There's a lot of noise there, but none of those pitchers have career numbers worthy of a hefty free agent deal. At best they're #4 starters. In order, those pitchers are Kyle Lohse, Randy Wolf, Braden Looper,......and Jeff Suppan. I specifically picked mediocre pitchers the Brewers signed to drive home the point. Kyle Lohse has not been a very good pitcher in his career, and the Brewers have a tendency to overpay for mediocre starters coming off of career years (Suppan didn't have a career year per se, but was coming off of a tremendous playoff performance). And Lohse is indeed coming off a career year, achieving career bests in innings and ERA as well as putting up tremendous BB/9 numbers.
Not pictured: consistency
Obviously it's not entirely fair to judge a pitcher solely on his career numbers. It's certainly possible that Lohse "turned a corner", or "reinvented himself", or "learned how to pitch", or whatever platitude you choose. But while I'm willing to say Lohse is a better pitcher than his days in Minnesota, there's a more rational explanation to his career turnaround in St. Louis. That explanation being that he pitches in St. Louis.
Lohse has spent the last five seasons pitching in St. Louis, three of those seasons easily being the best of his career, and one of those seasons struggling with injury. Lohse is a flyball pitcher, and Busch Stadium is very accommodating to pitchers of his ilk. Busch is a moderate pitcher's park according to park factors, but is even more kind as far as suppressing home runs. It's no surprise then that Lohse has put up career low HR/9 numbers while his flyball and line drive rates have stayed fairly static. It's also no surprise that he has had noticeable home/road splits in four of his five seasons in St. Louis.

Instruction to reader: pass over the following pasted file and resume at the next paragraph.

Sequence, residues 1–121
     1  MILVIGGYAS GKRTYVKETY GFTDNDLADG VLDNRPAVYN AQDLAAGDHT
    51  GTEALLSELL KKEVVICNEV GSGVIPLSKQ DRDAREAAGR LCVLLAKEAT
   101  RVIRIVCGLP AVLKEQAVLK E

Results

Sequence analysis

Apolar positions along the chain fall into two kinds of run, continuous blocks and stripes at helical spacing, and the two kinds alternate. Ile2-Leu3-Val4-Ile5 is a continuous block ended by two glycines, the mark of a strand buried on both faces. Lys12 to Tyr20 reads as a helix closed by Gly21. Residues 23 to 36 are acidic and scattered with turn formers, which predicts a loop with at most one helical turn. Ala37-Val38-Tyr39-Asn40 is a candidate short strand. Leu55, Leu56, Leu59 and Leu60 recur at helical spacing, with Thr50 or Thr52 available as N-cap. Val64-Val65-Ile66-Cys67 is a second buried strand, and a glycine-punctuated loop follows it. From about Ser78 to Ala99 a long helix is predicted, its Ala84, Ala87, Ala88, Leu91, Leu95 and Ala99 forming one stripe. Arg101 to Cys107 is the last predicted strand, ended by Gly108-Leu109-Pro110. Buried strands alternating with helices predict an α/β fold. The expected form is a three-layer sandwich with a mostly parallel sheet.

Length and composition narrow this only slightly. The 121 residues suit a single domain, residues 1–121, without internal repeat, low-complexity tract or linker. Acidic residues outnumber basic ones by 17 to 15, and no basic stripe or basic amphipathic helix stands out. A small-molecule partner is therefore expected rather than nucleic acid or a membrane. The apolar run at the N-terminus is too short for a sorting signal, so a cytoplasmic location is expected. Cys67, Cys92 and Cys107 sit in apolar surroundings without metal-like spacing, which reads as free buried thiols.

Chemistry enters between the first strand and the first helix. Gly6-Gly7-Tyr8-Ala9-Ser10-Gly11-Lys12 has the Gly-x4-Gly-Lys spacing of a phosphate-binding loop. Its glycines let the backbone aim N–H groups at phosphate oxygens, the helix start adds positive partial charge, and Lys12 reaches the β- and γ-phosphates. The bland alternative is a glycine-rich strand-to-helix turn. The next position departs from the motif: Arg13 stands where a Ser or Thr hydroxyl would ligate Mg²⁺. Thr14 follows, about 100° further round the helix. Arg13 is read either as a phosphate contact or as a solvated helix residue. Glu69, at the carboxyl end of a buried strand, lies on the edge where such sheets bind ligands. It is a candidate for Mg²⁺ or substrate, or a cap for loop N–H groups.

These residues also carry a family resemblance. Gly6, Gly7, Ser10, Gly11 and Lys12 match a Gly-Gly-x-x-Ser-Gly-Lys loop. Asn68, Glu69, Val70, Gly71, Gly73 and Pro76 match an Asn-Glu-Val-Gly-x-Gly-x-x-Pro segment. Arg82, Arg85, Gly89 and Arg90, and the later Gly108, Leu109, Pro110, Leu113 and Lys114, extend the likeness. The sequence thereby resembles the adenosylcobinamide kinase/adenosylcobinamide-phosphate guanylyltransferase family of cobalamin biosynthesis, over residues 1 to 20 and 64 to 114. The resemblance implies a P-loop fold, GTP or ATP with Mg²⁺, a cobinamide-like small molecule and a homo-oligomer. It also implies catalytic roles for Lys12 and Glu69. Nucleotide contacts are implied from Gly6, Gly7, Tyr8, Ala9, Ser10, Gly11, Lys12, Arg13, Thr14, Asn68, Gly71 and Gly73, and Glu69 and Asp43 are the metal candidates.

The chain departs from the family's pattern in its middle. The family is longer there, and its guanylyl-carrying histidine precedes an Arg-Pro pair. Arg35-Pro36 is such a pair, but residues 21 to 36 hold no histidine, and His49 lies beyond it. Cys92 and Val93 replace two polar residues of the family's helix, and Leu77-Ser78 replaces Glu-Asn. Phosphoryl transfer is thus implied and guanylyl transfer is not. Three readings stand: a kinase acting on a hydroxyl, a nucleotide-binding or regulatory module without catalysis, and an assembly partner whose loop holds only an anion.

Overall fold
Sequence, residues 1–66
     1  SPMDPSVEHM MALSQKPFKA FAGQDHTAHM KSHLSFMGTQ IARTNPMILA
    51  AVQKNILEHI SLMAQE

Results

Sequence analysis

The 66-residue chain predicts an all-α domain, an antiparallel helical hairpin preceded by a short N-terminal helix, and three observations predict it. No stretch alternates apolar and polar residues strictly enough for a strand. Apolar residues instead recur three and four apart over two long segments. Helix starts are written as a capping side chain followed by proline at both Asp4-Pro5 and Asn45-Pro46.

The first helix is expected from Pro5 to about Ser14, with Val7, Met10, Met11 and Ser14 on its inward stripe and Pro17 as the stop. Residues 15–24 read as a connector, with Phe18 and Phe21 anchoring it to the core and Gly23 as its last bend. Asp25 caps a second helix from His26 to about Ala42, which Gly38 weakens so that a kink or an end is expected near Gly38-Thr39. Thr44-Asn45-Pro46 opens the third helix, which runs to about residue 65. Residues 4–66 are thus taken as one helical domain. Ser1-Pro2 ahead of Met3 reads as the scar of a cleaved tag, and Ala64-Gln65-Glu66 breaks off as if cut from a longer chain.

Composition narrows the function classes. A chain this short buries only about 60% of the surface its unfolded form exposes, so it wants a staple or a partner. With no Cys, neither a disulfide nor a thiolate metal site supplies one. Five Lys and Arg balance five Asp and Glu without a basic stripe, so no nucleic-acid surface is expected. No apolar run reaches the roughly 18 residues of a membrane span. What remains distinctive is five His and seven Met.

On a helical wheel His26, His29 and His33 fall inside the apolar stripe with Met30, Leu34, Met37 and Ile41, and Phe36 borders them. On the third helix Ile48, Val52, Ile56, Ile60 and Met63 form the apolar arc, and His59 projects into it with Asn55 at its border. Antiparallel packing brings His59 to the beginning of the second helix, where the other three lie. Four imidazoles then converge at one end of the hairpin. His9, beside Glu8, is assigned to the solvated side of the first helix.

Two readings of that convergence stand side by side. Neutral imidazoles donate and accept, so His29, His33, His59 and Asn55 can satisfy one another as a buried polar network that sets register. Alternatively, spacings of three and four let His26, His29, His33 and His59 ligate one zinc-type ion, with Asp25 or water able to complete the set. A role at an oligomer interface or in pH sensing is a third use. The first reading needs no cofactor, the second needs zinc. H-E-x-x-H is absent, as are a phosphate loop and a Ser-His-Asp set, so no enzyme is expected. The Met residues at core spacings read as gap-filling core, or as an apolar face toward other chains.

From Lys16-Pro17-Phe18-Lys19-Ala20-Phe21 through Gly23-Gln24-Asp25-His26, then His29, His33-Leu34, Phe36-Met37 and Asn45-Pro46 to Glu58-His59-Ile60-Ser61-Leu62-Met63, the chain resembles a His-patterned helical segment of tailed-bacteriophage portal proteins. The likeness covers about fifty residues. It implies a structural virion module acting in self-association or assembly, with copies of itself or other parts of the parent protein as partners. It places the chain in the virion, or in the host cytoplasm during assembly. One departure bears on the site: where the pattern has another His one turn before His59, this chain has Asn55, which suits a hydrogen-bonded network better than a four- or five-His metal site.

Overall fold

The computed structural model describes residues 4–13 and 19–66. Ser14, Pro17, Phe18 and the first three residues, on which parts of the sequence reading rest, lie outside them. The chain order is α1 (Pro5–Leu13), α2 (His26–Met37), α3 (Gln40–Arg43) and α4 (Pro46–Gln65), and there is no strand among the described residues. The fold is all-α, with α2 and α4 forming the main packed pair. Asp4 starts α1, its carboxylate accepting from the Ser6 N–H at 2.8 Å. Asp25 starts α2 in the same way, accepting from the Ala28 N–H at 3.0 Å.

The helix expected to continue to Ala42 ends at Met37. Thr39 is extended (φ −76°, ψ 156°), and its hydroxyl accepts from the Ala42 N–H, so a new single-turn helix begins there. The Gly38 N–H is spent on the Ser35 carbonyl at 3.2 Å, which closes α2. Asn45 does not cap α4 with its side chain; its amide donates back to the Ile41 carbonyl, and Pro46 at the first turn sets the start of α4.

Not pictured: enough facial hair
It's a nice narrative to say that Lohse has been revitalized by the magic of former Cardinals pitching coach Dave Duncan. But such reasoning falls apart under closer scrutiny, and it also doesn't explain why former Cardinals pitchers have turned into pumpkins upon leaving St. Louis. The more logical explanation is that Duncan simply encouraged his projects to throw strikes and let the ballpark and defense do the rest. It's much easier to pound the strike zone when you know flyballs are for the most part staying in the stadium, and that strategy works in parks like Busch.
This isn't to say that Lohse is a bad pitcher, or that he doesn't do good things, or even that he won't have success elsewhere. But he does have a specific skill set that works when he's pitching at least half his games in a friendly stadium. It doesn't take a genius to note that he will not be pitching in a favorable stadium if he signs in Milwaukee. He'd be going from one of the better home run parks (from a pitcher's perspective) to the worst. There's a reason why Randy Wolf and Shaun Marcum had problems pitching in Miller Park; it's a shitty park for flyball pitchers. And it's even worse for someone like Lohse who throws a lot of strikes but doesn't strike hitters out. There will be plenty of pitchers who will be available, and of the guys GM Doug Melvin is likely to pursue, Lohse might be the worst possible fit, especially if he's looking for a potential #2 starter.
So Doug, do not sign Kyle Lohse.